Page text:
How to Manage Social Media To Increase Sales and Retention for Your Fashion Brand in 2022
In our experience working with fashion entrepreneurs, we’ve seen how challenging it can be for businesses to manage and maintain an attractive social media profile for their fashion brands.
What should be an opportunity to build upon an established relationship with one’s customers often becomes an endless money pit, where businesses often spend a sizeable budget to follow a “churn and burn approach” to content creation that simply does not impact their bottom line.
As social media platforms are designed around the idea of “feeding” users with the most current and up-to-date material, brands often find out that any sort of post they publish, even if it’s created with passion and intent, often ends up becoming “yesterday’s news”.
Much sooner than it is actually able to attract or convert any customers.
As a result, many brand managers may develop a conflictual relationship with social media.
On the one end, brands need to show the “social currency” of their collections through social shares and likes, on the other end, simply “feeding the algorithm” can become a very wasteful approach to managing your online presence.
But how can you move past this churn and burn approach?
The way forward can be found by acknowledging what social media can do for your brand, how it can impact your conversions and engagement. At the same time, it is also very important to acknowledge what is outside of its scope and purpose.
To help you navigate this topic, in this post, we’re looking into how to manage your social media presence, so that you can use it as an effective tool to attract, convert and retain customers.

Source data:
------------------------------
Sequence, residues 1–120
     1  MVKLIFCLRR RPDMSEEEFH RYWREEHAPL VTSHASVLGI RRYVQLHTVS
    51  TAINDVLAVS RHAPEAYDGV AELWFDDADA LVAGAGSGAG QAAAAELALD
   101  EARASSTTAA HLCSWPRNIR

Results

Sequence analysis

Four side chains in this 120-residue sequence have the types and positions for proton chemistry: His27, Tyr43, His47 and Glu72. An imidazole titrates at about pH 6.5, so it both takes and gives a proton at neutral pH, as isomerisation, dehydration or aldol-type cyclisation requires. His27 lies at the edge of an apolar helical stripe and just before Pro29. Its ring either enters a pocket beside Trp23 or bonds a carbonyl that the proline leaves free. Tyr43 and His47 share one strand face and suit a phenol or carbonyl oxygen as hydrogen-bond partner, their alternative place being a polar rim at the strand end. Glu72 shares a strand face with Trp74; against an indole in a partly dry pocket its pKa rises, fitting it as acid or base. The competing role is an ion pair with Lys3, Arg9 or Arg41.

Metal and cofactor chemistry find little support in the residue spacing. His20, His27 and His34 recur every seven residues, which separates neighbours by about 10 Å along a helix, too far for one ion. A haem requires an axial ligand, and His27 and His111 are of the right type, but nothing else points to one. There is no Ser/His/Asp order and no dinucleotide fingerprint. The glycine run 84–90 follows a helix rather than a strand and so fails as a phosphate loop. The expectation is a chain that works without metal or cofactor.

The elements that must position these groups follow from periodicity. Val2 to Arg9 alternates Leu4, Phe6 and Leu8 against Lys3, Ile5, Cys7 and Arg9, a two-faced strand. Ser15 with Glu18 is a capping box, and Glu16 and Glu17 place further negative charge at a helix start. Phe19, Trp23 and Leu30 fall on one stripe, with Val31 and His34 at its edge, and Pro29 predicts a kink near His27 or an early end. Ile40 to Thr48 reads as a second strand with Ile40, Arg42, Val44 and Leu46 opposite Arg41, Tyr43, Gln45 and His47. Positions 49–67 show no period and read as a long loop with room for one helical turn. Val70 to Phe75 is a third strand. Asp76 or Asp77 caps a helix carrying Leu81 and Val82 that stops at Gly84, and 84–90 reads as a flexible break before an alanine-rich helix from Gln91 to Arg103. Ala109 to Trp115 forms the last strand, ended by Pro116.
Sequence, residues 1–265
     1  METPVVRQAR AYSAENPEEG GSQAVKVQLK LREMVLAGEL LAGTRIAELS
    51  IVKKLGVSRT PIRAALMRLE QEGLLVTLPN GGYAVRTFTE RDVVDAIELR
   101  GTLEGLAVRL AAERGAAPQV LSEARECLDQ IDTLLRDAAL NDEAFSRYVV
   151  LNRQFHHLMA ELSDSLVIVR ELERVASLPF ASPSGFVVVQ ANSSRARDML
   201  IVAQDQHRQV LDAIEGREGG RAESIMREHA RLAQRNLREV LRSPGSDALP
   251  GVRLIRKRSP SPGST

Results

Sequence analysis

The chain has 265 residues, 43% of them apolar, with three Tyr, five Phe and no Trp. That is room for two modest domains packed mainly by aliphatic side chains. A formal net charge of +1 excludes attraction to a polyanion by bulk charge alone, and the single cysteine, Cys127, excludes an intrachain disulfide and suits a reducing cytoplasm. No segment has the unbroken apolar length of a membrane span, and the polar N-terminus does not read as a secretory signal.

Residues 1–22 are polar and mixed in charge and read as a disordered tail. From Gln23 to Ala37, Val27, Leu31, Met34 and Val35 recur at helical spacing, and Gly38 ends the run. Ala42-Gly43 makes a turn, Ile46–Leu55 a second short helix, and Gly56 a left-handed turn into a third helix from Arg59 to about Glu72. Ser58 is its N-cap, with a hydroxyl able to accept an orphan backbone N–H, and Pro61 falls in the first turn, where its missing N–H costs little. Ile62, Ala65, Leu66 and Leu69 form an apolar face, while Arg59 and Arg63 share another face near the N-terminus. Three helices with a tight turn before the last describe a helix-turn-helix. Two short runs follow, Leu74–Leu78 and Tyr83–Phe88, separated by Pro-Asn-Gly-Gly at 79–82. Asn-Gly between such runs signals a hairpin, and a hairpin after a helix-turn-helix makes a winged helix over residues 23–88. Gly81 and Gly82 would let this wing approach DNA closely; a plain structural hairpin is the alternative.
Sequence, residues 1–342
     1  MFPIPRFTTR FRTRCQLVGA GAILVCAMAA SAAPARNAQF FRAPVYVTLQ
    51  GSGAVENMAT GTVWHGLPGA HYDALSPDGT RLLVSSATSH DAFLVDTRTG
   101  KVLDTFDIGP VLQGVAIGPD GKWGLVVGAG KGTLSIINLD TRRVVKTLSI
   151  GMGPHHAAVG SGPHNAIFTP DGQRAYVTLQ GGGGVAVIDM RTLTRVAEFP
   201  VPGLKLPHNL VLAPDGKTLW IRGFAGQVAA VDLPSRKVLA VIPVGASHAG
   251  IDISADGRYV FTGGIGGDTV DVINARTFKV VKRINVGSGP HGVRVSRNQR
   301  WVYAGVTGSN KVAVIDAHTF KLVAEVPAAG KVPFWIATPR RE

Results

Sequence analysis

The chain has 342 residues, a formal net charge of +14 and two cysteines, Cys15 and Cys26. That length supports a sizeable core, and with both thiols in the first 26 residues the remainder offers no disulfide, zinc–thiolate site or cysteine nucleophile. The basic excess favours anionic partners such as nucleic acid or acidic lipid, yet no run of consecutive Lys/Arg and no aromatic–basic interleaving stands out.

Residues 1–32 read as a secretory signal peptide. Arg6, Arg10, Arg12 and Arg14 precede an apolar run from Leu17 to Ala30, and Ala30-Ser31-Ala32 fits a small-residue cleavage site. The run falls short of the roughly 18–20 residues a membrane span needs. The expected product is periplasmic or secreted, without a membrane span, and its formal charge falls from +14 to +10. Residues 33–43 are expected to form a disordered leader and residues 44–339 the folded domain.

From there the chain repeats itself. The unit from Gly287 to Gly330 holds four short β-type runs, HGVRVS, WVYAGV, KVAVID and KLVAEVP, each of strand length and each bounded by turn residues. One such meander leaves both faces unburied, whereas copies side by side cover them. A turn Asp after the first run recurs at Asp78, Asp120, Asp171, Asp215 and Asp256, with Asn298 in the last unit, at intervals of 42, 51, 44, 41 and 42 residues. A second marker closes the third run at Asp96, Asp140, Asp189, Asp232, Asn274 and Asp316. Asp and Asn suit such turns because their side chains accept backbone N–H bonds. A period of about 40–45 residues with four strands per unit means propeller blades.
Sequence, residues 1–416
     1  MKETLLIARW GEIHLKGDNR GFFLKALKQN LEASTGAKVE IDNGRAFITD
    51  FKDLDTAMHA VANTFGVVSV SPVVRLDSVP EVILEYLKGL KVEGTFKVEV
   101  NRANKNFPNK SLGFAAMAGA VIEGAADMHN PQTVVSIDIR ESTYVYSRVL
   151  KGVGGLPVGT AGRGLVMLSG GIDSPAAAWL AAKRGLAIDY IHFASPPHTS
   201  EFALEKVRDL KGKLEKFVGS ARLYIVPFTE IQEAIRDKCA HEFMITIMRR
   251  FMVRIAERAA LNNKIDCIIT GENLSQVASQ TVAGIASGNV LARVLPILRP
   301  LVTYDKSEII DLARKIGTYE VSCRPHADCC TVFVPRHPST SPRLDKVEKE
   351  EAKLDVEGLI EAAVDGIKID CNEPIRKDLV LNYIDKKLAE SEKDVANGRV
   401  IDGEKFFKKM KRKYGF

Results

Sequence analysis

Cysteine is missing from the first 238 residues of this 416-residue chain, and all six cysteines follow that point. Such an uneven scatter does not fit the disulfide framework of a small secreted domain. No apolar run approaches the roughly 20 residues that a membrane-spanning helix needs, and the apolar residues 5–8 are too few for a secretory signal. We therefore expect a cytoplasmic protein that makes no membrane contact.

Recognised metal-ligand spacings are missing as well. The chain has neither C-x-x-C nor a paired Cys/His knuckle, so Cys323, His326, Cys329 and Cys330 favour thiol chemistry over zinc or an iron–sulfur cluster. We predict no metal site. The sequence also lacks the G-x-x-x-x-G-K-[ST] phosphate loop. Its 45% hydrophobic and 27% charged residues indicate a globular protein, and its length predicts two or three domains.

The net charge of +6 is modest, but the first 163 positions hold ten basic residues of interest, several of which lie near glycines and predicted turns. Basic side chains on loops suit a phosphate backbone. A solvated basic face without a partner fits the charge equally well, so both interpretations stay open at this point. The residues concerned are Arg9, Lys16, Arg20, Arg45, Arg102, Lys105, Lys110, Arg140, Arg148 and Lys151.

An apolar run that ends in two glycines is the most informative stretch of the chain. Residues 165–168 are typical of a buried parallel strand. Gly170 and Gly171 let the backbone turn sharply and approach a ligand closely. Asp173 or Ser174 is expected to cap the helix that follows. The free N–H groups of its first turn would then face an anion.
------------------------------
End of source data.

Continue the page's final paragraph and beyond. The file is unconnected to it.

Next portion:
By looking into our post you’ll make sure your social media presence is not simply a vanity presence but becomes an asset, capable of contributing to your business in a meaningful way.
How Does Social Media Support the Customer Journey
The first thing to consider is the fact that social media is not content “in the void”.
Quite the contrary, in more technical terms, social media represents “earned media” for your fashion brand.
Earned media is content that your brand does not manage directly, but that is associated with your business because of third-party experiences.
Do your customers review their shopping experience in your store? That’s earned media.
Does a newspaper or website comment on your collection or recent CSR (Corporate Social Responsibility) initiative? That’s earned media.
Does a customer publish a glowing review on your ecommerce’s shipping and return operations? That’s earned media too.
In a nutshell earned media means that you don’t create this content, but when someone looks you up online, this is part of the content they find about you.
Earned media is the most persuasive form of content because it is created by individuals who are considered objective in their experience of your brand.